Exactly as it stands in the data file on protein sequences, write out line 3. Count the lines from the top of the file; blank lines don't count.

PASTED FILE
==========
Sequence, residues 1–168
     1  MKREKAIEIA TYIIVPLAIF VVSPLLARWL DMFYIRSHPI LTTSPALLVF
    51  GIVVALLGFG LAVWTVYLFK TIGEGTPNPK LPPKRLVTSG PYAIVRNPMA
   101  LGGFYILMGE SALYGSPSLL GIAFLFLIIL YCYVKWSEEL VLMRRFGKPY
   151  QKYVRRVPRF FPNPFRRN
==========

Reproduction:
    51  GIVVALLGFG LAVWTVYLFK TIGEGTPNPK LPPKRLVTSG PYAIVRNPMA